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All the Information You Need for Your (Hopefully) Baseball-Filled End of the Work Week

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Major League Baseball, as it did in 2010, 2011 and 2015, and as it will the next time the Rangers make the playoffs and aren't playing the Yankees or Red Sox, has screwed DFW baseball fans again. The Rangers will start their 2016 playoff journey with a couple of weekday day games for the second consecutive year.

Despite the fact that they're matched up with the Blue Jays, reprising last year's five-game ALDS epic, the Rangers play second fiddle to the Red Sox and Indians by playing at 3:30 p.m. on Thursday and noon on Friday. The simmering tension stemming from Jose Bautista's 2015 bat flip and Rougned Odor's 2016 punch just weren't enough to secure priority over David Ortiz's final trip to the playoffs.

The early starts aren't all bad, though. If you work a nontraditional schedule or have a particularly benevolent boss, there are a ton of tickets — about 8,000 — available on Stubhub for each game, and even Wednesday afternoon, more than 24 hours before first pitch, prices were already starting to dip because of the glut. Tickets can be had now for less than $30, a number that will go even lower before the game starts.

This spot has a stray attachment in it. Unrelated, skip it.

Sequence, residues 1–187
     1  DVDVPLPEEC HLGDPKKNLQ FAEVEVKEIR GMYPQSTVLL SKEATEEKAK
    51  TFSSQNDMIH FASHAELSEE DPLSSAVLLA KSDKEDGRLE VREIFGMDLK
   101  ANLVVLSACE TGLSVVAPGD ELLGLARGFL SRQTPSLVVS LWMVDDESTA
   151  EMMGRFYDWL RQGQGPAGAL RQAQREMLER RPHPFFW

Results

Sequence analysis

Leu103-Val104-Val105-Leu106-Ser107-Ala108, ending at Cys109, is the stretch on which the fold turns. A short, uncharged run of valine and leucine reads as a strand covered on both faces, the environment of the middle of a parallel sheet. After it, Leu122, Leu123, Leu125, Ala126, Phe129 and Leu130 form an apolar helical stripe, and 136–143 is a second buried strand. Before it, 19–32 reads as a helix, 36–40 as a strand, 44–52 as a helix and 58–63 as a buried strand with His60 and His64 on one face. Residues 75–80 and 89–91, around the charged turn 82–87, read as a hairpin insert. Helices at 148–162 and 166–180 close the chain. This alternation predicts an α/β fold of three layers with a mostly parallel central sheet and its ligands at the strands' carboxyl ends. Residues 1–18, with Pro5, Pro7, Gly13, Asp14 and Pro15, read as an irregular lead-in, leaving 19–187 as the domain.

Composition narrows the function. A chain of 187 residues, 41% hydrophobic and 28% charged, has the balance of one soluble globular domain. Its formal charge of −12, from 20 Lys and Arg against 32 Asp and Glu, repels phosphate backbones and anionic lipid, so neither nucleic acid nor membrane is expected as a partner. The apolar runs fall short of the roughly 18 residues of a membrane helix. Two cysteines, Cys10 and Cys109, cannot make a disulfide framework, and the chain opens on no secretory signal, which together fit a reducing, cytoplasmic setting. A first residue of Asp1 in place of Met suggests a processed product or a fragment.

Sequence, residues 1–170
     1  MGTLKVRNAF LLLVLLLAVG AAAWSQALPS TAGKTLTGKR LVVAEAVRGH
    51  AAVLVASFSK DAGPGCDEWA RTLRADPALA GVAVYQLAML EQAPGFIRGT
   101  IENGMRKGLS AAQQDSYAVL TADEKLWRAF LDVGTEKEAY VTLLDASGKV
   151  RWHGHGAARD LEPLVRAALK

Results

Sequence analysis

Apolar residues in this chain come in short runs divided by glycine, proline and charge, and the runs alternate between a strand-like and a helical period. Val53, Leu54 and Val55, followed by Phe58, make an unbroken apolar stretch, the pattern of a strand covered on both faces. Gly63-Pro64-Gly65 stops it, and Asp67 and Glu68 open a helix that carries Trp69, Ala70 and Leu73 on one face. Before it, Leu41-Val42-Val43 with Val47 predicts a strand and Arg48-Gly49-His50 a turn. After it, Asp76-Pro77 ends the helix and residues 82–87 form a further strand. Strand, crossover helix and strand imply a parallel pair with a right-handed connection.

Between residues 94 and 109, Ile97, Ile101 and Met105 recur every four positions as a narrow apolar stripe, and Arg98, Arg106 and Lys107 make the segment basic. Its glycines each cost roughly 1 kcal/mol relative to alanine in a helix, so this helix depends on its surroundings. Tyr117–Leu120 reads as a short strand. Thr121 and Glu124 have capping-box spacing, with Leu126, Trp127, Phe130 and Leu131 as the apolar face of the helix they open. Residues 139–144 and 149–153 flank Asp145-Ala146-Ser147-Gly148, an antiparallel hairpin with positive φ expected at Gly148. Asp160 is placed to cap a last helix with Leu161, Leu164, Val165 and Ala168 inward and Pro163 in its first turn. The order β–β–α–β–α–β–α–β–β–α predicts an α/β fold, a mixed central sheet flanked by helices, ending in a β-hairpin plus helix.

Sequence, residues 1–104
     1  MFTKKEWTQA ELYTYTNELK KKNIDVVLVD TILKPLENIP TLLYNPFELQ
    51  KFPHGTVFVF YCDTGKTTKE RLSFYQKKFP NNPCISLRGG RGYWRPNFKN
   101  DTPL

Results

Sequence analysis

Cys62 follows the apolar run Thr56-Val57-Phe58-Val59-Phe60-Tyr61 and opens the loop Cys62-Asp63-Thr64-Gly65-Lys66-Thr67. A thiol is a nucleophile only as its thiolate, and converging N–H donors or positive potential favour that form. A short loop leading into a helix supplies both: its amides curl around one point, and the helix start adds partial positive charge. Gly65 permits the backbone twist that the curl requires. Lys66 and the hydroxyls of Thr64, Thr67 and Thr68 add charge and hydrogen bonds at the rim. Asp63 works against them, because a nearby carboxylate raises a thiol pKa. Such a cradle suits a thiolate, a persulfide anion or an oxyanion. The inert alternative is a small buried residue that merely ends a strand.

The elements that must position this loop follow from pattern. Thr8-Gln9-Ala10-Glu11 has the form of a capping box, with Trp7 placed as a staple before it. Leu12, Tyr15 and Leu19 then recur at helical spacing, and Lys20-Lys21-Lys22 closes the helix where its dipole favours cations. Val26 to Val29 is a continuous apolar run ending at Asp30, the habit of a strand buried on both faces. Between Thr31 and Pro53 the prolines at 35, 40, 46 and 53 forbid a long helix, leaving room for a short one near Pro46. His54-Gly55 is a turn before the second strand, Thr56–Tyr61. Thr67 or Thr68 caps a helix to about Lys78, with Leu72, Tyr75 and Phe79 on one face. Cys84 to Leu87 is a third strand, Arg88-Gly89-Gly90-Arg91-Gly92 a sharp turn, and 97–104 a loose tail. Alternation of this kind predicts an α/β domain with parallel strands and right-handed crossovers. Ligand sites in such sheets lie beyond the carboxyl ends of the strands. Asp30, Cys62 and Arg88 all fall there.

If you can't get out of the office, there are plenty of streaming options available, whether you're stuck at your desk or can commandeer a conference room.

Each game between the Rangers and Blue Jays will be broadcast nationally on TBS. If your place of employment has basic cable, you're already good. If it doesn't, TBS is available to stream at TBS.com or through the WatchTBS app, provided you have a cable login. (If you're a filthy cord cutter, just use whatever password combination you've leeched to get HBO GO, it should work.) Failing either of those options, many people are saying that there may be less than legal streams available, should you look hard enough.

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Join the Observer community and help support independent local journalism in Dallas.


Join the Observer community and help support independent local journalism in Dallas.